GAP wants meetings with the European Commission and the European Food Safety Authority (EFSA) to gain a “three years plus” moratorium on the assessment of probiotic science, with the removal of botanicals from the EU health claims process an example of how this can be done, an industry source said.
“The botanicals industry lobbied very well and won exemption from the process so this is a good example of what can be achieved,” the source said of the 1500 botanical dossiers EU authorities acknowledged needed to be treated differently to other nutrients.
“The probiotics lobbying effort has been a bit disappointing so far and so there has been growing momentum to make the lawmakers understand that there needs to be a moratorium for probiotics too.”
“EFSA needs to be given the chance to say that it is not ready to assess probiotic dossiers under the current regime.”
But GAP, which began as an adhoc initiative as Danone sought greater EFSA-EC dialogue after it withdrew its own probiotic claims from the system, may run into the same wall of frustrations as other probiotic groups, with initial efforts for meetings falling on deaf EU ears.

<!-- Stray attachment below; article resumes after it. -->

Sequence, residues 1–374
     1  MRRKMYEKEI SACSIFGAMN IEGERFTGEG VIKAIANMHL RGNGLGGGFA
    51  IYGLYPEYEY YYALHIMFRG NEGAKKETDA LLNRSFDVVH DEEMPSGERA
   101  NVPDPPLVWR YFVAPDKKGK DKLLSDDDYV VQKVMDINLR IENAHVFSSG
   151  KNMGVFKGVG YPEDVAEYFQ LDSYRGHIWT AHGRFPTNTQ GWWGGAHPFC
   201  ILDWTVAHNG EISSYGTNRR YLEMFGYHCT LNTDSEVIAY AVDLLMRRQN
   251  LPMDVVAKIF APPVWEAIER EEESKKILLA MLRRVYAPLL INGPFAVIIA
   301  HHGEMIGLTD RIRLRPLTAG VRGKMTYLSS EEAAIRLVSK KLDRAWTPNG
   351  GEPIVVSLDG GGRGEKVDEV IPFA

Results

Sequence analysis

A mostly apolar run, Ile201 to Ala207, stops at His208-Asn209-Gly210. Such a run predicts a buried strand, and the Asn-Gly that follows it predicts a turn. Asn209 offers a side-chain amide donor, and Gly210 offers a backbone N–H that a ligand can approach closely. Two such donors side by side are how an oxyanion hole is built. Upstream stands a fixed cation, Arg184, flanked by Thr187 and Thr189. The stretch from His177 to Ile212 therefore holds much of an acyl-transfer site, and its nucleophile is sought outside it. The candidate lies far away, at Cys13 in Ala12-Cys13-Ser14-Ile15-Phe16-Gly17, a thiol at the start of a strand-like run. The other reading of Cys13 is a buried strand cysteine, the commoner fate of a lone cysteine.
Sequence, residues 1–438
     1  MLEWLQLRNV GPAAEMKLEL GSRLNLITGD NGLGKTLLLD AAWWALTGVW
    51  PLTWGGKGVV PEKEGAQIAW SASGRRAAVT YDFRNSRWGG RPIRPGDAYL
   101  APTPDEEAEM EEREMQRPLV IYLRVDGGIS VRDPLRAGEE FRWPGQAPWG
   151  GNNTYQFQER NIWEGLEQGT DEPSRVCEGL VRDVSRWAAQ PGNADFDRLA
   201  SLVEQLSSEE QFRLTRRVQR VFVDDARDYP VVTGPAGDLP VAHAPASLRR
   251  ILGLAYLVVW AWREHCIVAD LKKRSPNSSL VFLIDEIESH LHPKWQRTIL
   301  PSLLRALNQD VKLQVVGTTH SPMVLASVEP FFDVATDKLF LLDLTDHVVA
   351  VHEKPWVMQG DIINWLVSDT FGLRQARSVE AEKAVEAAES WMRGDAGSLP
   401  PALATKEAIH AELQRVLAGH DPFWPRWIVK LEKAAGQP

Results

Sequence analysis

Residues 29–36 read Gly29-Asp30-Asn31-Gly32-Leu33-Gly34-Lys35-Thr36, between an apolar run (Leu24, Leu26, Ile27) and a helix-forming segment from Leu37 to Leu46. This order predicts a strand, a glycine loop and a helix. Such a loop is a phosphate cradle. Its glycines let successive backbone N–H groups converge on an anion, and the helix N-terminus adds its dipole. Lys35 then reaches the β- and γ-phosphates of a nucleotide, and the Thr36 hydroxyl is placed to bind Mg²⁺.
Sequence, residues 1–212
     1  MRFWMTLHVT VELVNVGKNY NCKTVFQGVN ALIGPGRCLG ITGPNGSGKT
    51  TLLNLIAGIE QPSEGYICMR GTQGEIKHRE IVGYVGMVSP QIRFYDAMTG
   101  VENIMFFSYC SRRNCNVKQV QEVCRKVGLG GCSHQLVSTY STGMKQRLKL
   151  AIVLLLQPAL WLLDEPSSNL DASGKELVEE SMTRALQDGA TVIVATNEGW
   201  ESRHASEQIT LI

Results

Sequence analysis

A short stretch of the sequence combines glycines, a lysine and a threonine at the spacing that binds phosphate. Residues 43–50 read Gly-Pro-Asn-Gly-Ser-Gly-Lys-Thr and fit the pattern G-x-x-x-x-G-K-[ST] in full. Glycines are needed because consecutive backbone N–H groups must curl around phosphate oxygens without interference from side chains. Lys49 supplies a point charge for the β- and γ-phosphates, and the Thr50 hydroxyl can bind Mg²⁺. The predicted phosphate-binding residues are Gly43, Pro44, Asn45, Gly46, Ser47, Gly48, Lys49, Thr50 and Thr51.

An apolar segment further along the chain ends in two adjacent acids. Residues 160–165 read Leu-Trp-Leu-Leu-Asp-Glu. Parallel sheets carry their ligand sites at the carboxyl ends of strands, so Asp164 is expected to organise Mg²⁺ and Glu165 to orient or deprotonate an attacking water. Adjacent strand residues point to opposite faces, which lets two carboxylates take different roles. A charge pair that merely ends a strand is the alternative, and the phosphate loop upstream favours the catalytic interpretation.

The group, whose other members include Canadian firm Institut Rosell Lallemand, Swedish supplier Probi, and Finnish dairy group Valio, is keen for discussions about the state of probiotic science, and the wellness promoting nature of probiotics, and the mismatch they see with the medicalised approach adopted by EFSA.
It is set to meet internally in March to further advance its cause in this area, whilst simultaneously developing ideas about better dossier submission under the EU nutrition and health claims regulation (NHCR).
More sophisticated multi-strain dossiers is one proposal being looked at, an indication GAP does not hold out much hope for the 70 or so recently resubmitted probiotic dossiers that failed at the point of first submission in 2007-08 due to strain characterisation issues.
The group has remained under the radar until publicised by DuPont-Danisco head of regulatory affairs, Dr Paul Tenning, at a probiotics summit in Brussels on February 7.
There Dr Tenning emphasised that GAP’s main objective is to, “promote understanding and awareness of probiotics.”
“GAP members want to define and promote the initiatives required to create a favourable framework for the approval of the health benefits of probiotics and the communication of meaningful and understandable claims on them,” he said of the €12bn+ global category.
In his presentation Dr Tenning noted that Danone had been fined in Denmark for making unauthorised links between probiotic immunity benefits and its Actimel drinking yoghurt.